In this issue we have an article on Zhan Zhuang, standing meditation, by Mark Cohen of Hawaii. He is a long time martial artist and his Tai Chi background includes Yang and Wu styles.He has been practicing Zhan Zhuang for many years and draws on that experience to explain how and why to practice.
We have had some articles on Tai Chi standing meditation in the past. In the early 1990s, I interviewed Fong Ha of Berkeley, CA.
He still teaches and holds seminars. He introduced me to Cai Songfang, who learned standing postures in the 1950s and later became proficient in push hands.A well-known proponent of Zhan Zhuang was Kuo Lien Ying, who taught in San Francisco. He was famous for his Universal Post standing posture, which he did in a park every morning for a hour.
Yang Cheng-fu's push hands did not get to a higher level until he began standing postures, according to various reports.
The movements of Tai Chi have their own challenges and simply standing presents other challenges. Mark Cohen does a good job of explaining how to do it and how to deal with some of the problems practitioners encounter.
With standing meditation one can start out with a few minutes and work up to longer periods, up to an hour. Or one can do it for a few minutes multiple times during the day. It is a challenging practice but very worthwhile.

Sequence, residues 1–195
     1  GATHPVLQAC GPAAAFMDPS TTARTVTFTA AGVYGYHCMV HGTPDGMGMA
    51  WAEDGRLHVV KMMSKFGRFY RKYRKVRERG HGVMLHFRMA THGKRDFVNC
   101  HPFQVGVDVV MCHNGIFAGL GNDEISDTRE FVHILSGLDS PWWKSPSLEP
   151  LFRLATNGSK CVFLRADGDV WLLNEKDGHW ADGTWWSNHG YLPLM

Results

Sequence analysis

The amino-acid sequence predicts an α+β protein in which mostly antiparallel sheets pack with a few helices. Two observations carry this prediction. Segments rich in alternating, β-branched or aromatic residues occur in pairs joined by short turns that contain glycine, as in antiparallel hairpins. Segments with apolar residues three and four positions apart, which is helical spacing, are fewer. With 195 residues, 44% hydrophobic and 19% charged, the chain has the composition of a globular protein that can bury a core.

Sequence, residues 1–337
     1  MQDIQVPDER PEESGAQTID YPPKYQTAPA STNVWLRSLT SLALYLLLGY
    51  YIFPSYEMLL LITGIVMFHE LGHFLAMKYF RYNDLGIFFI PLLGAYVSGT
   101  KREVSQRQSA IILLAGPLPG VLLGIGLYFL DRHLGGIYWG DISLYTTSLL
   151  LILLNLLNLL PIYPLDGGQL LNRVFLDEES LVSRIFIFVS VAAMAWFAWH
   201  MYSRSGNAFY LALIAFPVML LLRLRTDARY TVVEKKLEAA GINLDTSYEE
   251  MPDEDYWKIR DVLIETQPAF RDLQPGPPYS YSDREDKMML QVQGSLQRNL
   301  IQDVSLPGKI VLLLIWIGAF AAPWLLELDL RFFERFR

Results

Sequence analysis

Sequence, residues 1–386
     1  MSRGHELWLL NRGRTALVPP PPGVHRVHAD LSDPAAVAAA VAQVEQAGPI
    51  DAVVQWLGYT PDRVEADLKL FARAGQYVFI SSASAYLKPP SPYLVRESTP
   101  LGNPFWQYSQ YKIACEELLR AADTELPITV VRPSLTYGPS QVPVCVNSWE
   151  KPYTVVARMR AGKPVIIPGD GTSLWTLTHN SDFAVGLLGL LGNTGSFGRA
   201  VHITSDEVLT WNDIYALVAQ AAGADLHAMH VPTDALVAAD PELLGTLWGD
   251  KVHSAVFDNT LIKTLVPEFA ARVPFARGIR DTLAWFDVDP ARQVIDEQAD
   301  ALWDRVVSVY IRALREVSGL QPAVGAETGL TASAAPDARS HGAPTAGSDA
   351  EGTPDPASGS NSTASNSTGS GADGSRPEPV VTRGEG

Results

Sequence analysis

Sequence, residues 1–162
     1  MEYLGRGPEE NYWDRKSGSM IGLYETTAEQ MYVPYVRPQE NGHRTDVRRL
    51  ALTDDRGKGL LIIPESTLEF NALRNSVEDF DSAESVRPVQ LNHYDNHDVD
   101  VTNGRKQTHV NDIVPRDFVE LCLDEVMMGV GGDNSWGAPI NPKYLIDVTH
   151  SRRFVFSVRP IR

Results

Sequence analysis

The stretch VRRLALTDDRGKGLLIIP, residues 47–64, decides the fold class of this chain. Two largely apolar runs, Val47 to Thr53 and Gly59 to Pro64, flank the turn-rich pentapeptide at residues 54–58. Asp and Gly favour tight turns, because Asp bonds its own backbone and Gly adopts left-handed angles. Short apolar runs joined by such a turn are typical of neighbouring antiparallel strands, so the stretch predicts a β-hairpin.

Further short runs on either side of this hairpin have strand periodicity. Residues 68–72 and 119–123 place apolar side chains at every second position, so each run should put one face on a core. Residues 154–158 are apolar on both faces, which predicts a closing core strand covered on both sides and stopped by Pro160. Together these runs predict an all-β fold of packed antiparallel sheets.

Wang Fengming continues with his insightful description of push hands methods. The methods he presents are rarely described in print and can be translated into many training methods.
Zhan Zhuang is very helpful in the progression of push hands. It does increase internal strength and, if done correctly, can increase the relaxation of the arms, elbows, shoulders and back as well as internal organs.
Lisa B. O'Shea has been practicing qigong for many years and writes an article in this issue about Qigong and Cholesterol. Qigong can be effective for mind and body. It was growing in China until the Falun Gong sect began to use it for political purposes.
Vincent Chu of Brookline, MA, has been teaching Tai Chi in the Boston area with his father, Gin Soon Chu for many years.Vincent Chu discusses the relative importance of various forms versus studying the basic principles. He goes into detail about the forms and the principles.
Eo Omwake, a longtime practitioner, writes about the important experience of stillness and movement in Tai Chi.There are many takes on stillness and movement. In fact, it is an important component of Mark Cohen's article on Zhan Zhuang. Even in standing there is stillness in movement. Even in moving there is stillness and movement.When my teacher asked me to take over his studio because he was moving to another part of the city, I asked my Zen teacher to make a scroll for me to hang on the wall. The scroll read, “Stillness and Movement are One.”
So there are many insights to be gained from stillness, movement and oneness.
In the last issue of the magazine there was an interesting article by Yang Guo Jing of Sydney, Australia, on push hands.
His translator contacted me to say there was a mistranslation of an important word.
“When practicing forms and push hands, the body utilizes the feet as the primary root, then the balance is further supported by the waist and Dan Tian (丹田), and Yi (意mind, consciousness) are used to assert control and help regulate the body in order to achieve the “use of Yi instead of force.”(用意不用劲).”
The last Chinese character in the last phrase should have been Li, or external strength, 力.
The phrase is a famous one: Use Yi (intent), do not use Li, external strength.•